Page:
# where the given series converge to?

Let $$S_n = \sum_{k=1}^{n} \frac{(k^2+nk)}{n^3}$$ then the sequence $$s_n$$

(a) converges to $$\frac{2}{3}$$

(b) Converges to $$\frac{5}{6}$$

(c) converges to $$\frac{6}{5}$$

(d) does not converge

To know where the sequence is converging, I will be required to obtain the where the series $$\sum_{k=1}^{\infty} \frac{(k^2+nk)}{n^3}$$ is converging.

If I write it as $$k^2\sum \frac{1}{n^3}+k\frac{1}{n^2}$$, I know both the series are convergent so the sum is also convergent but where..?

I have dealed with the sums checking whether the series is convergent or not... And also obtaining the sum of geometric series...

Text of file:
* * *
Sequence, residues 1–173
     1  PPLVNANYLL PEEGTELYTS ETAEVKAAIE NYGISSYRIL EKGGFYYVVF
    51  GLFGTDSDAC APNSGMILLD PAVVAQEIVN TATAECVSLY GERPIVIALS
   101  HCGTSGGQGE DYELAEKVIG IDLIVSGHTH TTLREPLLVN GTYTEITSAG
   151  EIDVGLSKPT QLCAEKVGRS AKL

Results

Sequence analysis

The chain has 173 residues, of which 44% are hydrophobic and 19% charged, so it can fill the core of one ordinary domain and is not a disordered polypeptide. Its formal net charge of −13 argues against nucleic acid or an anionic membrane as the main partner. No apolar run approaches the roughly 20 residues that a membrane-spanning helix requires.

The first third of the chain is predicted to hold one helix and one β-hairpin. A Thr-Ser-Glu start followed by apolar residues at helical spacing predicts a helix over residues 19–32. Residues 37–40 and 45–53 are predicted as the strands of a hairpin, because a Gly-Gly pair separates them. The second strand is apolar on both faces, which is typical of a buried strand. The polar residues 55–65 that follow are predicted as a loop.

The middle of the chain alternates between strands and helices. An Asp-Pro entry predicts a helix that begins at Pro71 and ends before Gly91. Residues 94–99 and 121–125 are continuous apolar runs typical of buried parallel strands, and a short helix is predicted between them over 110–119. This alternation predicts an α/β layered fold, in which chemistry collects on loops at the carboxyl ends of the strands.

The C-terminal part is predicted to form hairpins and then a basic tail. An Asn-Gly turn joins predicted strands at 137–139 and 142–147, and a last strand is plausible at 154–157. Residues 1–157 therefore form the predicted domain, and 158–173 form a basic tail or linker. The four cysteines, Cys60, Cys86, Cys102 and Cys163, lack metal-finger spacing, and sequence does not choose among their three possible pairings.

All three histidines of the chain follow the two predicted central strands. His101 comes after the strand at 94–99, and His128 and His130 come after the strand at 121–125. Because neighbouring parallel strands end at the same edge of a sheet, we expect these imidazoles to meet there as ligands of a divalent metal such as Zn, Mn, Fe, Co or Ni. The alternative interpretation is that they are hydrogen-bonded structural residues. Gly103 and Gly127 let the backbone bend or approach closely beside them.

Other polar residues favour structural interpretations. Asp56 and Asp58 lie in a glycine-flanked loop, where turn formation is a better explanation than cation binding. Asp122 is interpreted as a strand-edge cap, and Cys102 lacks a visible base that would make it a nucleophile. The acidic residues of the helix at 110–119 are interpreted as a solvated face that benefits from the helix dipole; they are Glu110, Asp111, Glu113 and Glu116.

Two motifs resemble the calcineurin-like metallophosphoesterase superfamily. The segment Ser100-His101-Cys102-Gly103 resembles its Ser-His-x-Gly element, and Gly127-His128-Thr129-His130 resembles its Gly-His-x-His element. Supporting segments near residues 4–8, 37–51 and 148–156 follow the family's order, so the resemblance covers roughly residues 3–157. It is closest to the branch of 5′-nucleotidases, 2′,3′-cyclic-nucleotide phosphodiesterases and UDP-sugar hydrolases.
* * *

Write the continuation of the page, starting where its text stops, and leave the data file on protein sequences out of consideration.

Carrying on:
How to deal with this sum...no idea!

• You cannot write it as $$k^2\sum_{k=1}^n \left( \frac{1}{n^3}+k\frac{1}{n^2} \right)$$ because use of symbol $k$ doesn't make sense outside the sum.
– Stef
Nov 21 at 2:13

$$\sum_{k=1}^{n} \frac{(k^2+nk)}{n^3} = \dfrac{1}{n^3} \times \dfrac{n(n+1)(2n+1)}{6} + \dfrac{1}{n^2} \times \dfrac{n(n+1)}{2}\quad \mathop{\longrightarrow}\limits_{n \to \infty}\quad \dfrac{2}{6}+ \dfrac{1}{2} = \dfrac{5}{6}$$
• Please explain what you have done here....instead of $k$ you have written some terms in $n$, how and why... Nov 20 at 16:29
• These are the basic formulas $$\sum_{k=1}^n k = \dfrac{n(n+1)}{2} \quad \text{and} \quad \sum_{k=1}^n k^2 = \dfrac{n(n+1)(2n+1)}{6}$$ If you don't know these formulas, I suggest that you try to prove them (by induction for example). Nov 20 at 16:31
$$S_n=\frac{1}{n}\sum_{k=1}^n\frac{k^2}{n^2}+\frac{1}{n}\sum_{k=1}^n\frac{k}{n}.$$